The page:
Different Types of C-Section Wound Infections

Infection at the operative site is the most common complication of a cesarean delivery or C-section. There are several factors that increase the probability of infection in women such as obesity, diabetes, smoking, use of systemic corticosteroids, poor prenatal care, previous C-sections and so on. Receiving the right treatment at the earliest is very important as the infection may spread and cause problems with organs, skin, blood and local tissue. You should understand the type of infection for that and thorough wound documentation via wound EMR can be of great help. Let’s take a detailed look into the different types and appearances of infections after C-section.

A C-section wound infection basically takes two forms such as:

  • Wound Cellulitis – Cellulitis of the wound is generally caused by either staphylococcal or streptococcal bacteria. These strains are actually a part of the normal bacteria found on the skin. The infected tissue under the skin gets inflamed while the redness and swelling spread quickly from the surgical incision to the nearby skin outward. You will usually find the infected skin warm and tender to touch. Usually, the pus is not present in the incision itself.
  • Wound (Abdominal) Abscess – Wound (abdominal) abscess can be caused by the same bacteria as wound cellulitis and other bacteria. When the site of the surgical incision gets infected with the bacteria, it leads to redness, tenderness and swelling along the edges of the incision while pus collects in a tissue cavity. Wound abscesses ooze pus from the incision as well. Abscesses generally form at the uterine incision, scar tissue, ovaries and other tissue or any organs nearby when an infection is present after surgery. Bacteria-caused wound abscess can also lead to endometritis. This is an irritation of the uterine lining after a cesarean section, which causes pain, abnormal bleeding, discharge, swelling, fever and malaise.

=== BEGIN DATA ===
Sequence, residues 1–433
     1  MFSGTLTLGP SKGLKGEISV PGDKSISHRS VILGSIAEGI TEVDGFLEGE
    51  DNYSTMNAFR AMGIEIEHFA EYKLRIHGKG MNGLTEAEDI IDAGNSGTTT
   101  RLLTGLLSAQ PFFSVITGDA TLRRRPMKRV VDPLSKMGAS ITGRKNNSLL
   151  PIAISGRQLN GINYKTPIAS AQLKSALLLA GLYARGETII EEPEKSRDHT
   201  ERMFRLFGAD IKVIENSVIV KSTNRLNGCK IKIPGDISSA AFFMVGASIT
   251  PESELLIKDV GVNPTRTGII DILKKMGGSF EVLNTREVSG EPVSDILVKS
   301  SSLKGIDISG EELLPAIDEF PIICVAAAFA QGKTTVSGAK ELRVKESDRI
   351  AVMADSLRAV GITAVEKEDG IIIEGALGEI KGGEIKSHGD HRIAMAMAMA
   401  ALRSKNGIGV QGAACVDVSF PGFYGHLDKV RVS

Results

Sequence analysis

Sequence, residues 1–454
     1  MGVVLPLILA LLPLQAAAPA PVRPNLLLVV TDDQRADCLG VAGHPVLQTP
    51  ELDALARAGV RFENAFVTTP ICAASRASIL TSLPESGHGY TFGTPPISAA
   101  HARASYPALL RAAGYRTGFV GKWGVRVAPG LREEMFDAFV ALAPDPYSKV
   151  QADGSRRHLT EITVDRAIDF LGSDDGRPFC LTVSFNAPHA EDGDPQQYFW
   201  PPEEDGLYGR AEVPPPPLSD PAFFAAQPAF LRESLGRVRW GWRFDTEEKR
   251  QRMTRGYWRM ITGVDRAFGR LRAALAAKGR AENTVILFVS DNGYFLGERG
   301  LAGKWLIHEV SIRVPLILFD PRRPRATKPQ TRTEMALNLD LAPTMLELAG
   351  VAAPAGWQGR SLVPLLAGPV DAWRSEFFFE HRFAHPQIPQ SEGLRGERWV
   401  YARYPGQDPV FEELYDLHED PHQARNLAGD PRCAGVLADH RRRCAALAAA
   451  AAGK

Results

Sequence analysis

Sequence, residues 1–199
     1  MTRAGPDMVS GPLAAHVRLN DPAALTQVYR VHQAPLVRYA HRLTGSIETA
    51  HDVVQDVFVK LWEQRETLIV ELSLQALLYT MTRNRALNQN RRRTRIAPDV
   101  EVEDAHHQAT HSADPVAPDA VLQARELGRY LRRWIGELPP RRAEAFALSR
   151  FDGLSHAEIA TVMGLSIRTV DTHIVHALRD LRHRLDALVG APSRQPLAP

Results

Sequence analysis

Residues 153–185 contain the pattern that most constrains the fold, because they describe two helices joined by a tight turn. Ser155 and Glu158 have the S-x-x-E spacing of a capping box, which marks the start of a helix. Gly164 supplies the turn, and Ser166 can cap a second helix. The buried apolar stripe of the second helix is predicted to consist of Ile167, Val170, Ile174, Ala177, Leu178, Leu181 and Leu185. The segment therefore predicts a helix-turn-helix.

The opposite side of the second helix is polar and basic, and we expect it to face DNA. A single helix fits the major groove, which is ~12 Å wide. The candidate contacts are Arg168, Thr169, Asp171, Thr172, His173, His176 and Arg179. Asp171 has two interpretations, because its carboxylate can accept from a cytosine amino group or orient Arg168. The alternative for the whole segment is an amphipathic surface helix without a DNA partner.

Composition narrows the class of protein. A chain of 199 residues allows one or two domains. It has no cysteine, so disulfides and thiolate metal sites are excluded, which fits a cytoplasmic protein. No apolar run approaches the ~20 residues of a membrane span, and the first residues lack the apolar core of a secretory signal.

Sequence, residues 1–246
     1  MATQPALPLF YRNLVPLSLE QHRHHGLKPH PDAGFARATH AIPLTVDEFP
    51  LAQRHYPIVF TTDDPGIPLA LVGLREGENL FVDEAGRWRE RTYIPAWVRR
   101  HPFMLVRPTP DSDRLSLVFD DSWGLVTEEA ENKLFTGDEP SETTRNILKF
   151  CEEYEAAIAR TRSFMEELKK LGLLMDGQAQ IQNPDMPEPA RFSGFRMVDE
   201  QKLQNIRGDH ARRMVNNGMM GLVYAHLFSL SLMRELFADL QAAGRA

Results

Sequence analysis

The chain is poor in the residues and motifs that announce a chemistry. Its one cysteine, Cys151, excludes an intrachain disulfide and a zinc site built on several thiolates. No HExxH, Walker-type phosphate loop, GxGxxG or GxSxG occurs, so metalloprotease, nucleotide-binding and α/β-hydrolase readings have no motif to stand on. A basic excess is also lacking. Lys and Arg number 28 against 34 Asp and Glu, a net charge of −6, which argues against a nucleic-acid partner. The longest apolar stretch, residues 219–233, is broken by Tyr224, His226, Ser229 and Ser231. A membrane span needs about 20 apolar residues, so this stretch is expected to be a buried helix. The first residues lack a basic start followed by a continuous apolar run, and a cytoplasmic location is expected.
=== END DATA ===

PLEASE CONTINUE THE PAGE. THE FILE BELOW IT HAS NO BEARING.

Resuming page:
How Wound EMR Helps in Treating Different Infections Effectively

When it comes to treatment, drainage is not typically necessary for patients with wound cellulitis, but not an actual incisional abscess. However, antibiotics with specific activity against staphylococci and streptococci must be administered. In the case of an incisional abscess, the wound must be opened and drained and the fascial layer should be examined. All purulent and necrotic material should be removed from the wound, and the wound irrigated with normal saline. Sterile dressing should be used and the dressing should be changed and the wound irrigated frequently.

Thus you can determine what type of treatment would be effective for a C-section wound infection only with comprehensive wound documentation, which includes details such as type of wound and exact location, partial or full thickness, wound size, any drainage and their description, pain and other specific information regarding the wound. Unlike general EMR, wound EMR has only wound-specific templates, which makes it easier to access such specific details. If the EMR is supported with a physician and nurse interface, it can enhance the communication further and make treatment available quickly and effectively. EMR supported on mobile devices helps wound care professionals to record the details at the bedside itself.